Cryptonomicon Spine

1999 – I have a first edition, it says, and I quote, “1999.” That’s some dated tech. But like other novels that hold up under the scrutiny of time, this one has, as well.

Cryptonomicon by Neal Stephenson.

There was an iBook sale, and for $1.99, a digital copy, in addition to the massive hardback tome I already own, which is printed on very good paper, I went ahead and bought the digital copy, with an iPad substantially lighter than the paper version of the same title.

“Making license plates.” Page 233.

That was the first time I was exposed to the term, “making license plates.”

In full, gratefully quoted –

“It’s an expression that my business partner and I use,” Randy says. “With any job, there’s some creative work that needs to be done—new technology to be developed or whatever. Everything else—ninety-nine percent of it—is making deals, raising capital, going to meetings, marketing and sales. We call that stuff making license plates.”

    Excerpt From: Stephenson, Neal. “Cryptonomicon.” HarperCollins.

To me, it’s that book price point, at $1.99, having a digital copy was well-worth it.

As a writer, I tend to read a little awe-struck by the melodic, sprawling epic of a novel, easily spanning more than 900 pages. Sprawling epic.

Includes references to El Alamein, and?

    Winston Churchill said of this victory: “Now this is not the end; it is not even the beginning of the end. But it is, perhaps, the end of the beginning.” Via

Got to respect the encyclopedic view of the novel, in its broadest scope.

“In general he doesn’t know what to make of the Brits because they appear (in his personal observation) to be the only other people on the face of the earth, besides Americans, who possess a sense of humor.” Page 469.

    Excerpt From: Stephenson, Neal. “Cryptonomicon.” HarperCollins.

Casual character’s observation, right on point.

“Most of the brain’s work is done while the brain’s owner is ostensibly thinking about something else, so sometimes you have to deliberately find something else to think and talk about.”

    Excerpt From: Stephenson, Neal. “Cryptonomicon.” Page1053.

Part of the point of meditation.

With a portion of a chapter dedicated to the aesthetic – and scientific – analysis and then consumption of Cap’n Crunch Cereal. Seriously. Appeals to my inner-nerd.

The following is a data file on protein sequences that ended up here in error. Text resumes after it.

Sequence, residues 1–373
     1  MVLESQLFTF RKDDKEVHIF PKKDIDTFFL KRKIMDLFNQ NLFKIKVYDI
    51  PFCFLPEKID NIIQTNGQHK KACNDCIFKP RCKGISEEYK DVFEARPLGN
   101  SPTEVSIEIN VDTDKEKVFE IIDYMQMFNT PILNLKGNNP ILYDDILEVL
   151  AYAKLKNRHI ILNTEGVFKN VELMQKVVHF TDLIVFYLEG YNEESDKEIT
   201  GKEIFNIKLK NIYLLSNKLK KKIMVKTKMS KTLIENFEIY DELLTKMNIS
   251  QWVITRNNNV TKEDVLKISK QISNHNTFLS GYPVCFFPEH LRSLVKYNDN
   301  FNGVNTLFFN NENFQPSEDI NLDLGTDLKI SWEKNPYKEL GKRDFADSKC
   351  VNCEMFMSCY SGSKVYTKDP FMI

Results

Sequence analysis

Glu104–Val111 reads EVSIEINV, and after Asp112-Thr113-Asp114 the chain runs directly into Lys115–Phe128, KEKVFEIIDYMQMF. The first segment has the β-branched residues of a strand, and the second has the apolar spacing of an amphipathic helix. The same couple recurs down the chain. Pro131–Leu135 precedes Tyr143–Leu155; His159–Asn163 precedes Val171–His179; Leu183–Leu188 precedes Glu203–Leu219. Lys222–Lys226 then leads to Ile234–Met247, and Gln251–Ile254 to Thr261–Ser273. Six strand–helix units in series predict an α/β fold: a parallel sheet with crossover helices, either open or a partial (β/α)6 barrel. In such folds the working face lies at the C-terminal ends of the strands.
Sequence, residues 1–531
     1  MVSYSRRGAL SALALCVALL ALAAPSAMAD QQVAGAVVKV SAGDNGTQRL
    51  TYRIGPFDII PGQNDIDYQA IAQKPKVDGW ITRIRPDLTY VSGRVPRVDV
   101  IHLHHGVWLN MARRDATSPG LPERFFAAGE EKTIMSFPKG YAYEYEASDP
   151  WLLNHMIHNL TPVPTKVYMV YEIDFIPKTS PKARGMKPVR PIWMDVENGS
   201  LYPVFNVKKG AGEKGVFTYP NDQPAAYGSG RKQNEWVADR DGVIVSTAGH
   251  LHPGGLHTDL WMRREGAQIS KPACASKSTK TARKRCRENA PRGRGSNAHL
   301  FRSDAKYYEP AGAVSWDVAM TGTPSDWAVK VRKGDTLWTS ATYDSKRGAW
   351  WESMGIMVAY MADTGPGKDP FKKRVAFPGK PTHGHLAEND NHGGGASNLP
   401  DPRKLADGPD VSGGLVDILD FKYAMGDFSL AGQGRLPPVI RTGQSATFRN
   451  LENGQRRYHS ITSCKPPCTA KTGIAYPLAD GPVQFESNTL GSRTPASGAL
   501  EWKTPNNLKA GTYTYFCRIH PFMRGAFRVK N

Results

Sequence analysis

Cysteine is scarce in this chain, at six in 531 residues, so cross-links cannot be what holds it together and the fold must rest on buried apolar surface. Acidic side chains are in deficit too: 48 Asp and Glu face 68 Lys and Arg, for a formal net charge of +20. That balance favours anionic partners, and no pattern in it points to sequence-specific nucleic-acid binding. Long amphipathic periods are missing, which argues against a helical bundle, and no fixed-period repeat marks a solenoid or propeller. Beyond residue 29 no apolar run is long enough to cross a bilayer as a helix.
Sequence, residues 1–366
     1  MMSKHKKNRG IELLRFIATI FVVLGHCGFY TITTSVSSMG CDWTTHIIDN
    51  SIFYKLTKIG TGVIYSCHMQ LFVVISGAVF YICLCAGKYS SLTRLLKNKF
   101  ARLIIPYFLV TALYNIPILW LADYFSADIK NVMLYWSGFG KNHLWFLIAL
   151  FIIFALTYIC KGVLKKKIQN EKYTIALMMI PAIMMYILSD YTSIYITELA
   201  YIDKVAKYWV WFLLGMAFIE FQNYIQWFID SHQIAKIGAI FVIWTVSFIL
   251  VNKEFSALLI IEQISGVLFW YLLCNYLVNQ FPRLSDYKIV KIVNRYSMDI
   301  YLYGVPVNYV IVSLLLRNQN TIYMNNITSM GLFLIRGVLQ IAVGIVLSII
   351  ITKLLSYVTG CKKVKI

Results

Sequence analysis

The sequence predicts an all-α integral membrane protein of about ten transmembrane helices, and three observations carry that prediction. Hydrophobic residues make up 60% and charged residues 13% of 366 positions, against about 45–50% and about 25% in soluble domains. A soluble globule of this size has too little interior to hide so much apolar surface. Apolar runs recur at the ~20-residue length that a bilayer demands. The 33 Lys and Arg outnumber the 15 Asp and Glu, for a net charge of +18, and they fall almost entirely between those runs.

“It was like going to the house of some supposedly sophisticated people and finding a neon-on-black-velvet Elvis painting hanging above their state-of-the-art Italian designer furniture.”

    From: Stephenson, Neal. “Cryptonomicon.” HarperCollins.

I have a black-velvet Elvis.

“He has the makings of either a total loser or a successful entrepreneur, or maybe one of those guys who will oscillate between those two poles.”

    Excerpt From: Stephenson, Neal. “Cryptonomicon.” HarperCollins.

That’s probably been said about more than one writer I know.

“The General extends one arm toward Manila, hand slightly cupped, palm canted upward, gesturing like a Shakespearean actor in a posed photograph.”

    Excerpt From: Stephenson, Neal. “Cryptonomicon.” HarperCollins.

Yeah, when in doubt, invoke Shakespeare.

The text itself loops back and forth with three plot lines eventually merging together, through time and space, and even thou I’ve read this before, the suspense still builds.

“Don’t you think it would be a useful item to add to your intellectual toolkits to be capable of saying, when a ton of wet steaming bullshit lands on your head, ‘My goodness, this appears to be bullshit’? Now.”

    Excerpt From: Stephenson, Neal. “Cryptonomicon.” HarperCollins.

News for nerds. Stuff that matters. Snippets from the epic tome. Besides Captain Crunch Cereal, there’s the super-geek, standard metaphor between romantic relationships and painful oral surgery.

Cryptonomicon – Neal Stephenson


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